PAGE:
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Connecticut River Valley, New England, United States

Friday, May 27, 2011

Didn't Burn Their Bras ( If They Even Wore Them)

She Wore a Yellow Ribbon: Women Soldiers and Patriots of the Western FrontierShe Wore a Yellow Ribbon: Women Soldiers and Patriots of the Western Frontier by Chris Enss

My rating: 4 of 5 stars

It is amazing to discover the number of women who defied society's restrictions to make their own way in a world in which the term women's liberation did not exist. Most of them were not of the affluent families of society and many of them were alone in the world to be sure but some were not renegades but women of principle and courage who could not stand silent despite the current concept of the proper place of women. This book provides condensed biographies of twelve such women. They are as diverse as any group living today and their exploits were as diverse as the paths taken by modern women. All of them in this book lived in the unsettled wilds of the American West populated by Natives, whom the US Government was determined to subdue.

The first three ladies were involved in the Mexican Wars to determine the future of present day Texas and New Mexico. One, a survivor of the Alamo, another a voice for the people both Texan and Mexican at Goliad, which a friend of mine says should be remembered more than the Alamo, the conditions and loss of life there being far worse than the mission in San Antonio.Each of these were Hispanic but the third woman was a wife of a cattle driver on the Santa Fe Trail and she traveled it with him and her brother-in-law, an American spy in New Mexico.

Another trio--these Native American --are also featured. Winema, a Madoc, who brokered peace among her tribesmen, other tribes in the area and the Army but died far from her native home;Lozen, an Apache shaman who rode with Geronimo; and Sarah Winnemucca, a Piute who helped the American Army subdue the Bannock Indians and went on to travel to Washington DC to plead the cause of her people with President Hayes and Congress.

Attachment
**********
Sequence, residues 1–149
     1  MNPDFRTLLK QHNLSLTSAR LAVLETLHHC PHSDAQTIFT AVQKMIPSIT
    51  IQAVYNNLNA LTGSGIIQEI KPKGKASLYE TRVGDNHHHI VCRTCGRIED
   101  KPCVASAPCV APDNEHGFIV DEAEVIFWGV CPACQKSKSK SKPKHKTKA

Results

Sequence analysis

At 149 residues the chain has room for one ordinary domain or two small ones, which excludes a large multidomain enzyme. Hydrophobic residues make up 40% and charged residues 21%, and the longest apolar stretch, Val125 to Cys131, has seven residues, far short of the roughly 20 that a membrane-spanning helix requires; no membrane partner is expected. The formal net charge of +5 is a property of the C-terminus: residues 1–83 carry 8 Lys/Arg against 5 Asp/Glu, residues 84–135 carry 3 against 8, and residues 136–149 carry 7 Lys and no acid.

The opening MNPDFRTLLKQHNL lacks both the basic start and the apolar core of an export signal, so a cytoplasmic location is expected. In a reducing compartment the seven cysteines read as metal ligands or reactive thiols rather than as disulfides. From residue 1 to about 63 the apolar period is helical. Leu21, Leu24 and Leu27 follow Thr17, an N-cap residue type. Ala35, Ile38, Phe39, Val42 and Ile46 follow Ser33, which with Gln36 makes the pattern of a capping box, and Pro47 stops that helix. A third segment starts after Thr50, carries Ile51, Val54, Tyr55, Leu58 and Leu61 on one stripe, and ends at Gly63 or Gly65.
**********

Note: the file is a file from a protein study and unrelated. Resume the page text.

Then there were Army wives, including Elizabeth Custer, never one of my favorite historical characters, but who must receive credit for earning respect for wives traveling with their officer husbands. Until her taking her place with Armstrong any wife who traveled with the Army was considered in the way and distracting to the mission, simply a camp follower.

One of the most interesting women was Charlie Hatfield who eloped at 14 and was widowed by a small time river rat and left with two children by the time she was 18 or so. She put her children in a convent school, dressed as a man and spent a large part of her life tracking down and killing her husband's murderer. She panned for gold in California, served in the Civil War, ran a bakery-saloon--interesting combination among other enterprises before returning to life as a wife and mother.

Of course, no book about stalwart Western women would be complete without mention of Calamity Jane. But here Jane is not the hard drinking, foul mouthed oxen team driver we are used to hearing about but rather a nurse to small pox victims in their isolated tents.

But, as interesting as these women's lives were, my two favorites are Cathy Williams, who, after emancipation, chose for her path the life of a Buffalo Soldier and Juliet Nichols who served as lighthouse keeper on Angel Island in San Francisco Bay and who, for 20 hours and 35 minutes used a hand held hammer to loudly tap 2 times every 15 seconds on the bell that would warn ships away from the trecherous rocks below.

I've read the works of Ann Seagraves about the Soiled Doves and other Women of the West in her readable series and I've read Vanished Arizona by the wife of an Army officer during the time of the Indian wars. This book certainly continues the stories they tell about women who, despite the possibility of being ostrasized and losing the respect of other women and men of the time, did what they deemed necessary to survive and succeed in harsh circumstances, often without any support from others.

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